Why is the end of World War I viewed as a cause of World War II?

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kipling2448 | (Level 3) Educator Emeritus

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Repeatedly throughout his declaration of intent known as Mein Kampf, or My Struggle, a young, imprisoned Adolf Hitler, who had served in the German Army during the Great War (later to be known as World War I, it not being logical to name the first war with a digit when the second conflict had yet to occur) and who had witnessed his nation's humiliation at the hands of the Great War's victors, namely, Britain and France, refers to the Treaty of Versailles, the agreement under which Germany was forced to pay for the sin of losing. These references are not kind, yet they represented the perspective of many Germans who had grown exhausted by their requirement under the treaty's terms to pay reparations to the victors, to refrain from rebuilding their military, and to admit to being the cause of the greatest war in European history. As Hitler wrote in one such passage:

"Our nation which has to exist disarmed, under the thousand eyes appointed by the Versailles Peace Treaty, cannot make any technical preparations for the recovery of its freedom and human independence until the whole army of spies employed within the country is cut down to those few whose inborn baseness would lead them to betray anything and everything for the proverbial thirty pieces of silver."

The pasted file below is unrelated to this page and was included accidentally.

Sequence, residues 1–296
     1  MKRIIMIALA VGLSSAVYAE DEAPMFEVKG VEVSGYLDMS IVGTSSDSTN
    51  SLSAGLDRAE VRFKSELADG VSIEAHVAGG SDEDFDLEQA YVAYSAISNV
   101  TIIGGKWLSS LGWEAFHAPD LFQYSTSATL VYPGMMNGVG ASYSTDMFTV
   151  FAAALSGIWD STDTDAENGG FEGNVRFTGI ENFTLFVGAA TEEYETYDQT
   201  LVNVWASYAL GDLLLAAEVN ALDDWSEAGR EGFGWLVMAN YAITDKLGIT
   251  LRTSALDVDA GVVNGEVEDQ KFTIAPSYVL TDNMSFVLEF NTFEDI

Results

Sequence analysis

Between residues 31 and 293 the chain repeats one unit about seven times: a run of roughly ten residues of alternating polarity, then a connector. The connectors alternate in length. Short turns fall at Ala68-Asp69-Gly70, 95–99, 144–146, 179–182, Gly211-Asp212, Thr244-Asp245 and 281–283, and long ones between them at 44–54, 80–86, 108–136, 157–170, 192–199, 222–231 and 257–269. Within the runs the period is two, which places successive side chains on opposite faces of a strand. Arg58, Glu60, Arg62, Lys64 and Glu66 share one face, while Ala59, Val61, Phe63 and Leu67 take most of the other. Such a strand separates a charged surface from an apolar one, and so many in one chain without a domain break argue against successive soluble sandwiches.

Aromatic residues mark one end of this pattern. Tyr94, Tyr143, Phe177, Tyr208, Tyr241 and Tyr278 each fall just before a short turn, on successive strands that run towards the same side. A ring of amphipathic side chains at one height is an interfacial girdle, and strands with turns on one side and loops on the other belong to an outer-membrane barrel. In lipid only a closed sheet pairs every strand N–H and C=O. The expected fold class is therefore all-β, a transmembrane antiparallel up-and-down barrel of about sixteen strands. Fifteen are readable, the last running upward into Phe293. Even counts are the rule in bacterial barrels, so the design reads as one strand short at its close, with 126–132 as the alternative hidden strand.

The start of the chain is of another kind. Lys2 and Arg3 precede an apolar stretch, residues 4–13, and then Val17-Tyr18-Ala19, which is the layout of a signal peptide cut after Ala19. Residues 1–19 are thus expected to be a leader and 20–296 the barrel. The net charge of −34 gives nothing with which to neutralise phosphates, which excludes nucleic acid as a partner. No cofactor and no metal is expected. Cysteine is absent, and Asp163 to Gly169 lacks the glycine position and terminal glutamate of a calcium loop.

Hitler's bitterness and determination to avenge Germany's treatment at the hands of the war's victors would prove a major contributing factor in the even-more destructive conflict that would come. And, it is here that one finds the answer to the question "Why is the end of World War I viewed as a cause of World War II." The Treaty of Versailles, as noted, set forth conditions on Germany that were viewed then (by Germans) and are viewed by some analysts today as unfair. Those conditions included the prohibition on rearming except for very limited purposes; the forced payment of reparations to the victors, a particularly difficult burden for a country already decimated by war and by the depression that had swept the globe; the requirement that it accept blame for the war's beginning despite the failures of the victorious countries to pursue policies that would have prevented war; the loss of considerable territories Germany was forced to relinquish to the victors; and the occupation of Germany's most important industrial region, the Saar, by the League of Nations. 

Whether a more magnanimous approach by the Entente towards the defeated Germany would have prevented World War II will never be known with any certainty. What is known, though, is that millions of Germans viewed the terms of surrender as excessively harsh and as intended to humiliate them. Hitler was able to exploit his countrymen's bitterness during his ascent to power, and successfully played on their fears of international conspiracies designed to keep Germany in a weakened state. It is safe to conclude that the end of World War I facilitated the emergence of World War II.

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